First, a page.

Most parents going through divorce are barely keeping their heads above water, and the guilt of what the divorce will do to their kids is devastating. On top of that, transitions like divorce are really hard on kids and often cause fear and bad behavior, making life even harder for the parents. One of these divorce custody calendars or routine charts will help the kids, and in turn help your friend. Sometimes it's hard to know what to do to help kids through the transition, and tools like this are really helpful. 

7. House Cleaning Groupon or Gift Card

Nobody likes cleaning the house on a good day, let alone when you've got a million other things to do. But a clean house can go a long way for your state of mind. If you're not local, a place like Merry Maids offers gift cards and has locations all over the place (or search Yelp for a trusted local provider).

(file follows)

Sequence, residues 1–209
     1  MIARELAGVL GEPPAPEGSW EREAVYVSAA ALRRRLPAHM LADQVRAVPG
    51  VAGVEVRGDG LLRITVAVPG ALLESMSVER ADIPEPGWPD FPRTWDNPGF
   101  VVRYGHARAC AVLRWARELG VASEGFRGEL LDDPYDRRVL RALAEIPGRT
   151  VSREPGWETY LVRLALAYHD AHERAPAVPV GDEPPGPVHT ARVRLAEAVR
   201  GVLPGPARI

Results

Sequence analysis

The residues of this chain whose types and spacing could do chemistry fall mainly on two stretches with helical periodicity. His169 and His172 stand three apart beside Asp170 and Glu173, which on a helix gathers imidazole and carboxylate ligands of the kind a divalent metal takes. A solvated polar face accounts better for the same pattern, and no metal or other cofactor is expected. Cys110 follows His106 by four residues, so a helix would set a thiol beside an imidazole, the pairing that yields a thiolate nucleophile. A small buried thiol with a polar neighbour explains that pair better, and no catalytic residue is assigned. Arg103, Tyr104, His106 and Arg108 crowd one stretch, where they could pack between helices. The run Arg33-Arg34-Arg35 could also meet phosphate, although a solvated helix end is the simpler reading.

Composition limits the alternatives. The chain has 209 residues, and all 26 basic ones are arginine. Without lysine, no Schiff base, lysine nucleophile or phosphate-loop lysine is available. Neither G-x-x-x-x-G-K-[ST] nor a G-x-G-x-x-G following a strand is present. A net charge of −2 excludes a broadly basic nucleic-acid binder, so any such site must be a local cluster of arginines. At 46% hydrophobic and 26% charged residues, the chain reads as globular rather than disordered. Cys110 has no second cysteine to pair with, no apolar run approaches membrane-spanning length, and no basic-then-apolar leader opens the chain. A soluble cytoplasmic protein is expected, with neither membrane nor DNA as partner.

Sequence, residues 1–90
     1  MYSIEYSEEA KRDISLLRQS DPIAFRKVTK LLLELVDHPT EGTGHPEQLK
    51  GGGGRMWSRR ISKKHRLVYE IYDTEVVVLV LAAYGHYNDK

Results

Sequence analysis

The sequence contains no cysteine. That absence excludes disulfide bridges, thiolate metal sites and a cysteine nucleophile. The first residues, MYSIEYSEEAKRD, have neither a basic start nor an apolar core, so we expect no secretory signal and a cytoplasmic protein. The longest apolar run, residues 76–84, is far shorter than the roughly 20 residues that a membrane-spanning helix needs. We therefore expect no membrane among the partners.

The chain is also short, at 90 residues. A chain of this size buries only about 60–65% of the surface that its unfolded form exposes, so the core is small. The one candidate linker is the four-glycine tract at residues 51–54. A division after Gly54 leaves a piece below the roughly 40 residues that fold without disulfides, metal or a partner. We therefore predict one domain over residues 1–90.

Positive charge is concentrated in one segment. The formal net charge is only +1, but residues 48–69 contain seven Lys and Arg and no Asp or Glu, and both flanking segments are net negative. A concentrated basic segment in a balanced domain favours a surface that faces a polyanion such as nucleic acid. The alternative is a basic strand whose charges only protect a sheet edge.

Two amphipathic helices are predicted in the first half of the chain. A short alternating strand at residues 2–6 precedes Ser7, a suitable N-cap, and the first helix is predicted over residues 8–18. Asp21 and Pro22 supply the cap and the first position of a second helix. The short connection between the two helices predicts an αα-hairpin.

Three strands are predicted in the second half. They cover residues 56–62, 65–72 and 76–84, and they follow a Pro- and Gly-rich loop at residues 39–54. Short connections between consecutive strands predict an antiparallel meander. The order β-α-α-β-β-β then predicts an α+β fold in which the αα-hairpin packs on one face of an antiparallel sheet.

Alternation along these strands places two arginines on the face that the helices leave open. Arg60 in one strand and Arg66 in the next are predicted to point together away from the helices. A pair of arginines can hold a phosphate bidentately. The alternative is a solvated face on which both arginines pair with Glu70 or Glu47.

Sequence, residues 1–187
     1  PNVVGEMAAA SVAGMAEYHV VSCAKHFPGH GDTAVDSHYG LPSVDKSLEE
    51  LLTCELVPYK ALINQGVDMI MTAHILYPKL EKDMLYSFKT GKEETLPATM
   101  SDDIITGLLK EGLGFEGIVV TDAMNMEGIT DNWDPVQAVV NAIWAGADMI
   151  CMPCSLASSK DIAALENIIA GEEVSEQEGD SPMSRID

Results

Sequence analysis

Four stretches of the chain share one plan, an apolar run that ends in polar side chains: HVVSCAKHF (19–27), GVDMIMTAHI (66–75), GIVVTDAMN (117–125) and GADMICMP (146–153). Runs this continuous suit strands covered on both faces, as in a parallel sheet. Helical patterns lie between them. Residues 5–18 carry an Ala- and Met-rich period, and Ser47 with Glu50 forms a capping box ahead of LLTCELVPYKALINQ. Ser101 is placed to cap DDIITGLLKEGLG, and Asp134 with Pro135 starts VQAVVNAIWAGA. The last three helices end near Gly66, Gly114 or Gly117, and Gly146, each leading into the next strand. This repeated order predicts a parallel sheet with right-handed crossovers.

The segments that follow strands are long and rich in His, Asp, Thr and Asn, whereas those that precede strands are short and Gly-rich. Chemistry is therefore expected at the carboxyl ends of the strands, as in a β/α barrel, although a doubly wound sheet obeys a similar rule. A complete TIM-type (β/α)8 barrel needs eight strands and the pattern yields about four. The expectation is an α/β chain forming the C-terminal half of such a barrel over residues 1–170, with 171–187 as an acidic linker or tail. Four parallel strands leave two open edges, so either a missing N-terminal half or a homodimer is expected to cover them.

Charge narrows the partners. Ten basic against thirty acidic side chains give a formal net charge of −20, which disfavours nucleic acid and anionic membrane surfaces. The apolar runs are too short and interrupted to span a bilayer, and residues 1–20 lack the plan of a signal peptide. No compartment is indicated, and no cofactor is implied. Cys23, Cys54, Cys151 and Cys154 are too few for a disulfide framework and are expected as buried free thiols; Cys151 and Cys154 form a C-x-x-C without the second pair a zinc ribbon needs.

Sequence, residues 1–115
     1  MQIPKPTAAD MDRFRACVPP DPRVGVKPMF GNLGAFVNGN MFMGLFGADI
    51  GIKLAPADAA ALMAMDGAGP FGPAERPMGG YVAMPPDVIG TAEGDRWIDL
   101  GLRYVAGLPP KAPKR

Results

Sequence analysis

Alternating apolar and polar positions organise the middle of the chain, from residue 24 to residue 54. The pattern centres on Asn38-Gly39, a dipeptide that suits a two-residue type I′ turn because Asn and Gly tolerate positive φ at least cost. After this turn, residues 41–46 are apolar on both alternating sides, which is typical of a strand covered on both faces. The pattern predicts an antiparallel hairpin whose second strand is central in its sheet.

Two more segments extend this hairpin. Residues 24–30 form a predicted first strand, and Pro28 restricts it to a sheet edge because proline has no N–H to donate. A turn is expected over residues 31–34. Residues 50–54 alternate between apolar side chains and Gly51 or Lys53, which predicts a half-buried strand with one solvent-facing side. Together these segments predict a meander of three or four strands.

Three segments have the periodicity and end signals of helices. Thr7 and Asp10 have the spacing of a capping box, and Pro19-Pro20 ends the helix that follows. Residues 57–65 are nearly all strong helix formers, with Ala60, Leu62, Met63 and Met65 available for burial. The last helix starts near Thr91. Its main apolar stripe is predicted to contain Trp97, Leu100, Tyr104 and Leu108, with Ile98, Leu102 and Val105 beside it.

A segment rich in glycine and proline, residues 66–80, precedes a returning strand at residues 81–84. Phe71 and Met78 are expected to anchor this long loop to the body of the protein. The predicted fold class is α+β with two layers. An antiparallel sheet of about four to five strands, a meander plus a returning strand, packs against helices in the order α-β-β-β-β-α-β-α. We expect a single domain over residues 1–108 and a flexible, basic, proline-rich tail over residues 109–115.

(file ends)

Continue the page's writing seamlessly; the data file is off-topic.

8. Entertainment for the kids

Every day is about survival, and sometimes that means excessive screen time for the kids. Toys for the kids, movies, or an iTunes gift card — anything that will give Mom or Dad a break for a minute — will be much appreciated. 

9. Child care

We love our kids, and sometimes taking care of them is so tiring, especially if they've been acting out (which is likely, since divorce is a scary time for kids). If you're local, offer to take the kids somewhere fun for an afternoon, so your friend can relax for an hour or two. There are also a lot of things that need to be done during a divorce that kids aren't invited to, like mediation or court, so offering to take the kids or pick them up from school on important days would be a godsend.